Sometimes something happens that causes you to question your life, and how you live it. This last week, with almost unbearable pain and the potential of a diagnosis looming over me that could subject me to such pain frequently or constantly, I have been afraid. Afraid for my current lifestyle, afraid for my ambitions, afraid for my relationships.
In particular, I was worried because I couldn’t sit at my computer. But much of my life is based around my computer. I volunteer via my computer. That’s a big part of my week. My working life, both self-employment and company directorship, are managed via the computer. I was able to complete only five hours of work this week, because unusually I had a consulting job based on assessment of documents sent to me hard-copy, and a teleconference. That is unusual. Usually, 90% of my work is via the computer.
My creative life also is via the computer. I write online, get my feedback online, get my motivation online. How can this continue if I can’t sit at my computer? Even my other creative life – putting together my own photobooks or making cards out of my photographs – is on hold until/if I can begin working at the computer again. I used to paint. I enjoy it, and have been meaning to get back into it, but I’m not very good at it. It can’t replace my computer.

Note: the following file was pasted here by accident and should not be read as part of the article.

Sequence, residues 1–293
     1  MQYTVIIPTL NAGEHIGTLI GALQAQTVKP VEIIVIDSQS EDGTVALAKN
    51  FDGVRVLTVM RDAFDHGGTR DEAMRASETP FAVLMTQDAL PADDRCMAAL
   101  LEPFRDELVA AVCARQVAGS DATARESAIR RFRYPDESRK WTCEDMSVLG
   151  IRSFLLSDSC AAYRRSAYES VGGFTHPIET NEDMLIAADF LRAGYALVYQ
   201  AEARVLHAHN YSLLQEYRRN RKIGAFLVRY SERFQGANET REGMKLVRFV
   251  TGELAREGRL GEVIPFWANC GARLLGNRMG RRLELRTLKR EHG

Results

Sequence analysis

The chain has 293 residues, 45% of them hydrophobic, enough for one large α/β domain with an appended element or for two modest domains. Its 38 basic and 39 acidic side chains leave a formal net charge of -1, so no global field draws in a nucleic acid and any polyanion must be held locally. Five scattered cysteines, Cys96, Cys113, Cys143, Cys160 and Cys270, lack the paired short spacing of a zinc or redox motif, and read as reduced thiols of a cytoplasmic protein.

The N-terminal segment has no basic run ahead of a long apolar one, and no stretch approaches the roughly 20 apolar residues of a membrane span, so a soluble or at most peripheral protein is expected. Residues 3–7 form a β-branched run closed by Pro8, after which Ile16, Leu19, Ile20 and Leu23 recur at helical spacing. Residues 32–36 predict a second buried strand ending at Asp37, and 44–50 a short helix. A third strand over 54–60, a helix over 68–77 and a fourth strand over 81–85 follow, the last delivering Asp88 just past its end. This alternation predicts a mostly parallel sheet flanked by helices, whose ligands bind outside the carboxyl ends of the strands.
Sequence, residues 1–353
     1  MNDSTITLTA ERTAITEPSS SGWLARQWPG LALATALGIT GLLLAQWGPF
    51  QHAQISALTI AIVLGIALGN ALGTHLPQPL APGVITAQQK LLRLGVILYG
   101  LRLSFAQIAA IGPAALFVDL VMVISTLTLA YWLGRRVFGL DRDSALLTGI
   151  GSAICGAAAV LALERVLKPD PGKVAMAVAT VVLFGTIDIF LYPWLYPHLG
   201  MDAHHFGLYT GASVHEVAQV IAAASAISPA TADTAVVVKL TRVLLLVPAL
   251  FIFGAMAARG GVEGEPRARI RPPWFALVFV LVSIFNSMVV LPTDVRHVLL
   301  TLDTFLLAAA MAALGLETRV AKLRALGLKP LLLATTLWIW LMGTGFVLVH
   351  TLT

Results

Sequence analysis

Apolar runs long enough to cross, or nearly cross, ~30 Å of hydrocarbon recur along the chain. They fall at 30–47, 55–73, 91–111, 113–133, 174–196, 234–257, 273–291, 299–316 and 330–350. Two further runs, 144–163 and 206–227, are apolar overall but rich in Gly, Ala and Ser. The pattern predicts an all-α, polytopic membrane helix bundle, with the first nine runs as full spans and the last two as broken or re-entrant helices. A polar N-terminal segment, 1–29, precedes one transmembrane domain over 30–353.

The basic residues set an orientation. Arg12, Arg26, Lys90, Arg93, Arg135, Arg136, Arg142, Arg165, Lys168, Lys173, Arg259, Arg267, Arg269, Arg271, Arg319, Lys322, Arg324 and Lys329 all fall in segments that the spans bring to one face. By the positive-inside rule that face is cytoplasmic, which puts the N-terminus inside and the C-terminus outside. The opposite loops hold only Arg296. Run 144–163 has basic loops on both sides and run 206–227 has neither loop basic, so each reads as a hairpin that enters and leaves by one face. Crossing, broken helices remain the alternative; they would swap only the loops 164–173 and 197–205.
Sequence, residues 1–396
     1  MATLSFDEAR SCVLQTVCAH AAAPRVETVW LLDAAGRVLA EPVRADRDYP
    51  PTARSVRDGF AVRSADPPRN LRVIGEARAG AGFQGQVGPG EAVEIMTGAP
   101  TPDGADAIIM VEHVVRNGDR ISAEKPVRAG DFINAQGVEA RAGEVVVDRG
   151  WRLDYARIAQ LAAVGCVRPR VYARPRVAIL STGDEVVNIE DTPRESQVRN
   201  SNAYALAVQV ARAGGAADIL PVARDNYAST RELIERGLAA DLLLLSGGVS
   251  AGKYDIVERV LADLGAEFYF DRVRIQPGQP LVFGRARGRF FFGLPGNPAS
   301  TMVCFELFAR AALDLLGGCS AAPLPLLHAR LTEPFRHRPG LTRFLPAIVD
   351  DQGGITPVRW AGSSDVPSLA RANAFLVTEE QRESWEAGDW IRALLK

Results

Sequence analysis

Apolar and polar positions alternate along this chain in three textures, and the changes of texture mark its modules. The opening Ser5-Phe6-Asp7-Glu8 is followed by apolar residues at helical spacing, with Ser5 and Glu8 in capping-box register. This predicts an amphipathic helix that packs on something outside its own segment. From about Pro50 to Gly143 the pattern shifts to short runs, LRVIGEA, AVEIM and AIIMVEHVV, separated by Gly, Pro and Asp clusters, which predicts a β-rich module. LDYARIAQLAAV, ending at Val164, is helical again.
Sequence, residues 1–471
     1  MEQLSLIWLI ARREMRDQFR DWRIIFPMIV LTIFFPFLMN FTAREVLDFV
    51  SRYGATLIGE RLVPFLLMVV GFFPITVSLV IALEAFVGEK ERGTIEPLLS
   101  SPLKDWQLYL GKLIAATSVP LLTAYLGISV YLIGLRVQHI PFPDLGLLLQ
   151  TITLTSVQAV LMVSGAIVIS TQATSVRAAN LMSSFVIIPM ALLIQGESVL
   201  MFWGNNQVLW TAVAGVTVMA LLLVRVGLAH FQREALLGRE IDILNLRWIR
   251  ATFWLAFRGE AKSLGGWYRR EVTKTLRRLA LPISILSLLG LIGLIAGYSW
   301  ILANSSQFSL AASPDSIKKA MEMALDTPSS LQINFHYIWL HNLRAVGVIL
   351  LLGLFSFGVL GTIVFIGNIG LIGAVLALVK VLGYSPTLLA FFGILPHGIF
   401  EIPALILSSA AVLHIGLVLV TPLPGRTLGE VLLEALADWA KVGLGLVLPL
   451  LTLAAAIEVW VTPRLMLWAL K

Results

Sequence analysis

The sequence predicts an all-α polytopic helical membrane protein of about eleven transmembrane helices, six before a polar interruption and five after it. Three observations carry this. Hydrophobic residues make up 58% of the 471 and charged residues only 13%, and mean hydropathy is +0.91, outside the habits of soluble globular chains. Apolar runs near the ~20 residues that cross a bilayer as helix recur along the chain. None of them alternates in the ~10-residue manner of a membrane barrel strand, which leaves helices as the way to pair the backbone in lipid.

Eating anything hot or anything that required chewing brought it on. And I love cooking … and eating food that can’t be consumed through a straw. I couldn’t drink coffee. What do I do when I meet people. Drink water? I guess so. I couldn’t drink wine either. Horrors! More water I suppose. Lime and soda’s not so bad.
Sitting for long periods, or even short periods, brought on the pain. Watching TV or DVDs was out of the question. Sitting reading was impossible. I even had to finish my sudoku puzzle walking around. So for the first time in a long time, the ironing is almost finished. I have even started cleaning my office. But what would I do when the house was clean? How could I live without reading?
The combination of eating and sitting difficulties meant for the first time in 26 years, we didn’t go out for our anniversary. We toasted with fruit juice. Perhaps we’ll have to get used to this.
Then, blessed relief, the pain stopped. It still flickers, reminding me it could return. And I realise how incredibly lucky I have been so far in my life. The diagnosis wasn’t what I wanted, but some hope was offered. We don’t know when, or – and this is the good news – if the pain will return. If it doesn’t, of course, something else might arrive in its place. We’re getting to that age when things like this happen. So perhaps this is simply timely reminded that I should be living my life the way I really want to, right now, before I can’t.